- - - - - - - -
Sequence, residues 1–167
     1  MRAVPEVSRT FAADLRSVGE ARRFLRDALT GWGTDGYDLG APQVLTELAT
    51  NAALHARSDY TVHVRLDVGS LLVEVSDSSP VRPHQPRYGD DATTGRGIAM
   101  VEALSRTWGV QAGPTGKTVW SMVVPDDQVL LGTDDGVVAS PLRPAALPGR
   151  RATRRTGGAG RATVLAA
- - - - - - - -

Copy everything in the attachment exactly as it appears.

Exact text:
Sequence, residues 1–167
     1  MRAVPEVSRT FAADLRSVGE ARRFLRDALT GWGTDGYDLG APQVLTELAT
    51  NAALHARSDY TVHVRLDVGS LLVEVSDSSP VRPHQPRYGD DATTGRGIAM
   101  VEALSRTWGV QAGPTGKTVW SMVVPDDQVL LGTDDGVVAS PLRPAALPGR
   151  RATRRTGGAG RATVLAA